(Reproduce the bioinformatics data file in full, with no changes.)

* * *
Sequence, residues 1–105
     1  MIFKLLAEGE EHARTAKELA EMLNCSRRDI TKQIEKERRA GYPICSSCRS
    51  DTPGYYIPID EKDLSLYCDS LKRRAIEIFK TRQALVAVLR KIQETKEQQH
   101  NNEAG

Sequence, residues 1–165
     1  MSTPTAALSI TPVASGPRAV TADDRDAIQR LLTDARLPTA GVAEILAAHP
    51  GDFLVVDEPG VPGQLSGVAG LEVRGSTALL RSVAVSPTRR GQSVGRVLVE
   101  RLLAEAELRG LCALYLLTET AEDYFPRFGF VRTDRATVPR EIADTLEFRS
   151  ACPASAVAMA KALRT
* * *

Sequence, residues 1–105
     1  MIFKLLAEGE EHARTAKELA EMLNCSRRDI TKQIEKERRA GYPICSSCRS
    51  DTPGYYIPID EKDLSLYCDS LKRRAIEIFK TRQALVAVLR KIQETKEQQH
   101  NNEAG

Sequence, residues 1–165
     1  MSTPTAALSI TPVASGPRAV TADDRDAIQR LLTDARLPTA GVAEILAAHP
    51  GDFLVVDEPG VPGQLSGVAG LEVRGSTALL RSVAVSPTRR GQSVGRVLVE
   101  RLLAEAELRG LCALYLLTET AEDYFPRFGF VRTDRATVPR EIADTLEFRS
   151  ACPASAVAMA KALRT